Nearly a century later, Galileo came to the same conclusion as Copernicus. He was forced by the Church to recant his belief that the earth orbited the sun, and he was on house arrest for the rest of his life.
This was not one of the Church’s better moments, and the Church should have learned from this that it is not a good idea to deny or to condemn those who believe what can be learned through investigation and observation. And it is best not to understand the Bible as a science textbook. Copernicus lived 500 years ago, but apparently a lot of us are slow learners.
Can a person be a Christian and believe in evolution? Certainly. If the universe is billions of years old, Jesus is still Jesus.
On the scientific side, Bill Nye noted, “Around the world there are billions of people who embrace the facts and process of modern science, and they enjoy their faith. By all accounts, their faith enriches their lives. These people have no conflict with their faith and science.” And Charles Darwin considered it “absurd to doubt that a man might be an ardent theist and an evolutionist.”
On the side of faith, it is not simply a modern understanding that Genesis is not meant to be understood literally. St. Augustine, the pre-eminent theologian of the Church, authored a 5th century treatise titled On The Literal Meaning of Genesis. In it, he had some choice words for those who would one day be known as creationists. He wrote,
Even a non-Christian knows something about the earth, the heavens… about the motion and orbit of the stars… about the predictable eclipses of the sun and moon, the cycles of the years and the seasons, about the kinds of animals, shrubs, stones, and so forth, and this knowledge he holds to as being certain from reason and experience. Now, it is a disgraceful and dangerous thing for an infidel to hear a Christian, presumably giving the meaning of Holy Scripture, talking non-sense on these topics; and we should take all means to prevent such an embarrassing situation, in which people show up vast ignorance in a Christian and laugh it to scorn.Writing more than 1500 years ago, Augustine hit it right on the head. Rejecting science in the name of Biblical literalism makes us look foolish and turns people off from Christianity.
The shame is not so much that an ignorant individual is derided, but that people outside the household of the faith think our sacred writers held such opinions, and, to the great loss of those for whose salvation we toil, the writers of our Scripture are criticized and rejected as unlearned men. If they find a Christian mistaken in a field which they themselves know well and hear him maintaining his foolish opinions about our books, how are they going to believe those books in matters concerning the resurrection of the dead, the hope of eternal life, and the kingdom of heaven, when they think their pages are full of falsehoods on facts which they themselves have learnt from experience and the light of reason?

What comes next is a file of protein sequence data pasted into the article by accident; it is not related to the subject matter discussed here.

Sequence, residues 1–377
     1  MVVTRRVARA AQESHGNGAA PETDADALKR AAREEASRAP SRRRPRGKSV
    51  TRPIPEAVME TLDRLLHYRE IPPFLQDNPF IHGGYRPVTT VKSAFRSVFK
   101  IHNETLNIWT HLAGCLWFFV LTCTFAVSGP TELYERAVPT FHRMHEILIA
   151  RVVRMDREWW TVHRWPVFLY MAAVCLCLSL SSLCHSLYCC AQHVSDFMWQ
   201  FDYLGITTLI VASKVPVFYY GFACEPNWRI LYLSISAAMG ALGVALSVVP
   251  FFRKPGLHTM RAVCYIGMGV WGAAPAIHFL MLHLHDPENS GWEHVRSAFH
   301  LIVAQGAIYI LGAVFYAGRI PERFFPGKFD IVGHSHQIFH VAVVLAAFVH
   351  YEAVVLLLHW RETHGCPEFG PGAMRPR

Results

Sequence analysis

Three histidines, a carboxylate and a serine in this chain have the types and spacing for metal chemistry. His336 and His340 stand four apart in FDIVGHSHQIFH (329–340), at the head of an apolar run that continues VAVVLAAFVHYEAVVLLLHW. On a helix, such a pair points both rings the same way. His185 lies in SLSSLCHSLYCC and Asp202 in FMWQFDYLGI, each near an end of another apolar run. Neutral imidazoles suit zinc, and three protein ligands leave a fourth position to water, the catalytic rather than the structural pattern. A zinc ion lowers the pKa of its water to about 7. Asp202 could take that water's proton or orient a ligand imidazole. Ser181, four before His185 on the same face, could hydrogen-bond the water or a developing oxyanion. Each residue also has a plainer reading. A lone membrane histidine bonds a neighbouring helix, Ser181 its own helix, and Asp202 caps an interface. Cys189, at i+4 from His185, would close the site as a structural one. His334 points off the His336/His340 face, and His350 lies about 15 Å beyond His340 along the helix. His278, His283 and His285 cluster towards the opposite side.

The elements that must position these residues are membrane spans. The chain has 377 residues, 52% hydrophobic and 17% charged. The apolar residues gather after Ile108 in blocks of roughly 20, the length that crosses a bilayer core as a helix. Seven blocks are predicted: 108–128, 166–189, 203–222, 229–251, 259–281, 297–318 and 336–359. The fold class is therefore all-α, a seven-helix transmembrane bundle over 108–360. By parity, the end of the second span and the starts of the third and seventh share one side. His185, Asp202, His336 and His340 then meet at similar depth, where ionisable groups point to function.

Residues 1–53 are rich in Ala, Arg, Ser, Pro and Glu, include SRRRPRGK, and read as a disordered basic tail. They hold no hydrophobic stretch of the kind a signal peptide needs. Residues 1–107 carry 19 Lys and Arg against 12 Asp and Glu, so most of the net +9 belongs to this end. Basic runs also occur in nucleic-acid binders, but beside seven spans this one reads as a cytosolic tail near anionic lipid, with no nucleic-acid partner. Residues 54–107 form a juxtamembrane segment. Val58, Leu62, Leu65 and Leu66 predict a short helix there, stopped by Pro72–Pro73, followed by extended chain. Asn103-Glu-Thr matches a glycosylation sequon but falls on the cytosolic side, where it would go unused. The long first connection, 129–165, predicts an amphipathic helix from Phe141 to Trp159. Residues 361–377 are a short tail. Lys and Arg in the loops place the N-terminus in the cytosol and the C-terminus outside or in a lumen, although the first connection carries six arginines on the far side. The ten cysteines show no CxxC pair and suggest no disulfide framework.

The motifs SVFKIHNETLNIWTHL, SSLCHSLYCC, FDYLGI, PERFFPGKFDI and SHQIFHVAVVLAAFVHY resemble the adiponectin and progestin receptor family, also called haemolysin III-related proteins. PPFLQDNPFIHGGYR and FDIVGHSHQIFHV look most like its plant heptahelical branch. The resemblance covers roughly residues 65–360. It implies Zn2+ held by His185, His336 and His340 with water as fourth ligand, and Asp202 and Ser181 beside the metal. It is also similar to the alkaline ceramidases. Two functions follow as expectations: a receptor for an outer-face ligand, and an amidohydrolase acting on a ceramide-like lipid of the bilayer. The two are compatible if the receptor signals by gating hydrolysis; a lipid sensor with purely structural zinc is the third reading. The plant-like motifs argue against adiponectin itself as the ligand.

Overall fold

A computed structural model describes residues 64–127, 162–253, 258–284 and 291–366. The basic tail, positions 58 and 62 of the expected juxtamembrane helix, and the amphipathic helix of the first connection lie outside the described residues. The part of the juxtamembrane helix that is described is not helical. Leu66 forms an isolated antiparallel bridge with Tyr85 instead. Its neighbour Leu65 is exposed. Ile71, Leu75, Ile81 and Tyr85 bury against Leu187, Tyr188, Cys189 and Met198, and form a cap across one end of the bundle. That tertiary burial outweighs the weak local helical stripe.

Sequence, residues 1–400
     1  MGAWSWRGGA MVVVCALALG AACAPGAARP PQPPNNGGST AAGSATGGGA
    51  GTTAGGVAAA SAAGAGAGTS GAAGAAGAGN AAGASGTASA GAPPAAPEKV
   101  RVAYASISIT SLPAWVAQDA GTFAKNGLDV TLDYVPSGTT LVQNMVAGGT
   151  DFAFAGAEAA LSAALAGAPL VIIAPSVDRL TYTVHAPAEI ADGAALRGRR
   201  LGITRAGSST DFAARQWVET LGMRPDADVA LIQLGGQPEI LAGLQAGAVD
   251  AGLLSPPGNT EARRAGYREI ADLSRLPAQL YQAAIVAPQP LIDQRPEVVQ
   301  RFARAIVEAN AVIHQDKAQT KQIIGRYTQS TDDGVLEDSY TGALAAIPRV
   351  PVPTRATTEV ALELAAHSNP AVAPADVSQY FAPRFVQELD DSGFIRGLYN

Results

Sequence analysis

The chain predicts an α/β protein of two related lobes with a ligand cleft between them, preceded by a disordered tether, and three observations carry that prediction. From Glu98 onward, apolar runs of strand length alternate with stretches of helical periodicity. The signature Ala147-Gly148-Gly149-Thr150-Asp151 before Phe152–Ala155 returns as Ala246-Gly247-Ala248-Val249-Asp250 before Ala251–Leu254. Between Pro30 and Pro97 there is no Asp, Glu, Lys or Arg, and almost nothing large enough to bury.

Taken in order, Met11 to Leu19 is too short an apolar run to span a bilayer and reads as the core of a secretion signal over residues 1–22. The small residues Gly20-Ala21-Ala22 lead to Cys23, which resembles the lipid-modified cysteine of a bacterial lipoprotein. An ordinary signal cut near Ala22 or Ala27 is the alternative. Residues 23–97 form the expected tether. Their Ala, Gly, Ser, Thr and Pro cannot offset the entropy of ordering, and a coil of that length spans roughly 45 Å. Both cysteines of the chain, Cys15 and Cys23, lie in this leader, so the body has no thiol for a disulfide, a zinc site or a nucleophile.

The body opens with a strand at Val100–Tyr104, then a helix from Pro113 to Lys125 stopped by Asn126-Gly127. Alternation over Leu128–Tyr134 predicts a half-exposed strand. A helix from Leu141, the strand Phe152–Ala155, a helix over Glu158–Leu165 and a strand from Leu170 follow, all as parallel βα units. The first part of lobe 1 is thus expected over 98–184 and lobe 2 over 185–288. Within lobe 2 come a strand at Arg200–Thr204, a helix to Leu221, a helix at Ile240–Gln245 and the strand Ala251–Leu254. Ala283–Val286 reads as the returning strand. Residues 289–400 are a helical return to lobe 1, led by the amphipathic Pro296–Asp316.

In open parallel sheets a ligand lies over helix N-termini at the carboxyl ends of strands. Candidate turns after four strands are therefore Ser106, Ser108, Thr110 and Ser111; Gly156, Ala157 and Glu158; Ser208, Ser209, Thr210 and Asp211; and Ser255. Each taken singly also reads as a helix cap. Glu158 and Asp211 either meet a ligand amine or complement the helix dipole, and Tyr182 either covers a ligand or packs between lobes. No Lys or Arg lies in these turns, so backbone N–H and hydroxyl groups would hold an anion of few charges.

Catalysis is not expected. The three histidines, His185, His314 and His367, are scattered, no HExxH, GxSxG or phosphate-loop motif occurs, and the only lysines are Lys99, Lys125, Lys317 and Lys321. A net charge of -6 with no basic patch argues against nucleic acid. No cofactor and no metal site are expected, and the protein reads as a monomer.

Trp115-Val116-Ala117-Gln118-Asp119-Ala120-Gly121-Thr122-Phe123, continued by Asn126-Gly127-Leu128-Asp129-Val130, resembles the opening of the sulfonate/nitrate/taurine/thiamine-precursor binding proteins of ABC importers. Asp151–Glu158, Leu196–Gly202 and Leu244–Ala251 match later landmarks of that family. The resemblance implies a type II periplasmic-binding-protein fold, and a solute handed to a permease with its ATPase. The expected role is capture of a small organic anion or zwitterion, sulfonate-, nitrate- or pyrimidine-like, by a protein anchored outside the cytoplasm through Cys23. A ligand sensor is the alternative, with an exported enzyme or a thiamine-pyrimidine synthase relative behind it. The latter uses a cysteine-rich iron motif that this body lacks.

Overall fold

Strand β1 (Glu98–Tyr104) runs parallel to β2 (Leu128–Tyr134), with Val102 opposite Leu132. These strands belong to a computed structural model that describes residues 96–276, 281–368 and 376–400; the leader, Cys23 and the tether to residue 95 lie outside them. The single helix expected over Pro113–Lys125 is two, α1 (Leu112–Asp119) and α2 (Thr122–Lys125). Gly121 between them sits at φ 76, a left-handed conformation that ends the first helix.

Instead of arguing about the relative merits of science and religion, what if we saw the value of each – not only in general terms, but the value to one another? What if religion reclaimed the idea that science is a way of understanding the world that God has created, a way to appreciate the incredible world around us, and that through science we can better know what is, so that we can work toward what can be and what should be? And then look at all of the areas in which our scientific knowledge threatens to outrun our ethics, where what is possible runs ahead of what is good and right and . When it comes to genetics and medicine and weaponry and nuclear energy and environmental degradation and global warming and artificial intelligence and a whole host of current issues, how much does science need the wisdom and ethical grounding that faith can offer?
Science attempts to answers the how. Faith attempts to answers the why. Both can suffer from a lack of humility. Both need to be open to new understanding, new truth, new possibilities.
Back in college, I took courses in science and I took courses in the humanities. But one of the very best classes I took was an interdisciplinary course taught by a chemistry professor and a religion professor working together.
At the heart of human experience is both the rational, observable world in which we take measure in hours and grams and kilowatts and dollars and atomic numbers and genus and species as well as the ineffable, mysterious world around us that consists of that which cannot be easily measured: grace and peace and hope and love and and mercy and forgiveness and wholeness and salvation. All of this is a part of our world, all of this is a part of God’s good creation, and all of this merits the concern of those who would follow Jesus. Amen.